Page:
Alan Ayckbourn & Ben Travers In Conversation (1979)Rookery Nook, the best-known of all Ben Travers' Aldwych farces, had opened at Her Majesty's this evening fully fifty-three years after its original first night. The playwright had just celebrated his ninety-third birthday, and among his many gifts was an inscribed copy of Taking Steps, Alan Ayckbourn's Scarborough comedy and one formally dedicated to Travers by the Dramatist generally reckoned to be his only true heir.
Travers: I'd been hoping Rookery Nook would go to the Criterion, somewhere small, and then suddenly they rang and said we'd got Her Majesty's and I said couldn't they have got Covent Garden or somewhere really intimate like that? You can lose people in Her Majesty's, you know: hundreds go in there and are never seen again. Still, better than nowhere, though when you bring Taking Steps into London do try for somewhere a little smaller. What made you dedicate it to me?
Ayckbourn: I think maybe it's more of a farce than some of my earlier ones, and I wanted to dedicate it to you as soon as I began writing it, but then I thought maybe it would turn out to be a disaster and you wouldn't care for that, so I waited until the first night a couple of weeks ago, and when that seemed to go all right I went ahead. It really is more like you than the others.
Travers: You mean it's dirtier, I suppose? You've always thought I was an insane, gaga old playwright and of course you're right, though I do remember that production of Rookery Nook you directed in Scarborough. You left a bottle of champagne in my hotel room. It was the best thing about the whole evening. But it's easy for you because you're a commentator; here we are, sitting around having a drink, and all the time you're watching and observing and storing up moments and suddenly we find ourselves in your plays looking ridiculous.
Ayckbourn: But you always did exactly the same thing: Rookery Nook is all about your neighbours, surely?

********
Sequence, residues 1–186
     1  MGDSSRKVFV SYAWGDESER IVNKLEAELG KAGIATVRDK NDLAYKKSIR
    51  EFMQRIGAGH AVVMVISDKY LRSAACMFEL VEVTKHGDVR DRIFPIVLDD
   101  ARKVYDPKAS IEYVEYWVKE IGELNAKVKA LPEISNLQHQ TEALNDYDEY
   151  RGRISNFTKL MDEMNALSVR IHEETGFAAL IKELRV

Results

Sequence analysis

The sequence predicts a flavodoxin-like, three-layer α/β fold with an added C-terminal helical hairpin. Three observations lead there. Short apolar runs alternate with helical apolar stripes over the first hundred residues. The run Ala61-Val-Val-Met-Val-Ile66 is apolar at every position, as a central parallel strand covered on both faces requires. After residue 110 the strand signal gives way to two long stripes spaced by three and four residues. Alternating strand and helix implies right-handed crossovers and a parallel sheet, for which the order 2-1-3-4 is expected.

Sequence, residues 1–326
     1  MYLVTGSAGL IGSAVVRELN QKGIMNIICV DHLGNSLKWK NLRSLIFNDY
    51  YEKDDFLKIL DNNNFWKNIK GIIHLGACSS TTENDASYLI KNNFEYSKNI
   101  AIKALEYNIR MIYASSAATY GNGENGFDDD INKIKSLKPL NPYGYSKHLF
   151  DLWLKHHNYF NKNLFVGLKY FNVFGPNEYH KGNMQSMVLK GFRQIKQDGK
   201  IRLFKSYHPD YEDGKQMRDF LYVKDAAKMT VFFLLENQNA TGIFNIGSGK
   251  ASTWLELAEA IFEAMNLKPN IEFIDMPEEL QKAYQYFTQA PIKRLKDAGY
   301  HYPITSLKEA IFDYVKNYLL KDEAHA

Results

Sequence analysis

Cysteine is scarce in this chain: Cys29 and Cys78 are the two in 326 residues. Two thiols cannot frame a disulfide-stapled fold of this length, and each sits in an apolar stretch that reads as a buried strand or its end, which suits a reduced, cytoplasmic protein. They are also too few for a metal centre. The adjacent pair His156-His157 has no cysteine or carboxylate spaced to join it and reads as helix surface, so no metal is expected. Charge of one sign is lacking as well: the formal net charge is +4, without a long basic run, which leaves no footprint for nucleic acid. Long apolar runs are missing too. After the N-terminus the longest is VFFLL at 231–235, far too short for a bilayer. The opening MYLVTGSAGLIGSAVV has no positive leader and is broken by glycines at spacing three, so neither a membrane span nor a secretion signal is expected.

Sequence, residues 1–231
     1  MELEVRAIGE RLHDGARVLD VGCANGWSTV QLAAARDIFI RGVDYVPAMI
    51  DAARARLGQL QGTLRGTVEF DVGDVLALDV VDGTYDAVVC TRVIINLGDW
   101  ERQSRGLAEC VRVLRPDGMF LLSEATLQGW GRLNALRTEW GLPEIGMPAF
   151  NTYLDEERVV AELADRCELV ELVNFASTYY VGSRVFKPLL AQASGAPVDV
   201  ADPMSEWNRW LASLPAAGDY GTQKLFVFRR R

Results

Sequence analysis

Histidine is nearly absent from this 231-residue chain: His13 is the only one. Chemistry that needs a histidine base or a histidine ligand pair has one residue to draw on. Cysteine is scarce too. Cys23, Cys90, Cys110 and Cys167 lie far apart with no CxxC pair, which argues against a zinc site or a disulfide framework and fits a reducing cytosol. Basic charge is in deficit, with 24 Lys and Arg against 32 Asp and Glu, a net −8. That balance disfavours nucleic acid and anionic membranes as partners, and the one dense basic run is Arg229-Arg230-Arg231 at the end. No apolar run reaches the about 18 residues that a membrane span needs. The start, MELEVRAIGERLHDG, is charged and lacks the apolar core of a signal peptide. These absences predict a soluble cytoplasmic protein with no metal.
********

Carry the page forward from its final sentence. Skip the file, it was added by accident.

Travers: All farce is. The whole secret of farce is that it's about ordinary people in extraordinary situations; if it happens to a bunch of clowns it isn't funny at all.
Ayckbourn: Dead right.
Travers: Betjeman understands that. We were having lunch yesterday and it suddenly dawned on me that all his poems are about ordinary middle class people to whom something a little extraordinary happens, love or death or something like that.
Ayckbourn: I grew up in a different period, when alongside your plays and Coward's and Rattigan's there were also plays by Osborne and Pinter and I somehow got caught in the crossfire, so that when I began writing there was a much more serious line running through the theatre and you weren't allowed just to do jokes. But I stage-managed some of your plays when I was in rep and they taught me a hell of a lot.
Travers: When I saw The Norman Conquests I thought that's it, I'm finished, I may as well give up now.
Ayckbourn: But you haven't.
Travers: No, well, one never does really.
Ayckbourn: Non-comic dramatists have a much easier time; they can always be called "interesting"; with us, if a play isn't funny then it's bloody nothing. But we have been lucky in that we've both had our own permanent companies, you at the Aldwych and me at Scarborough.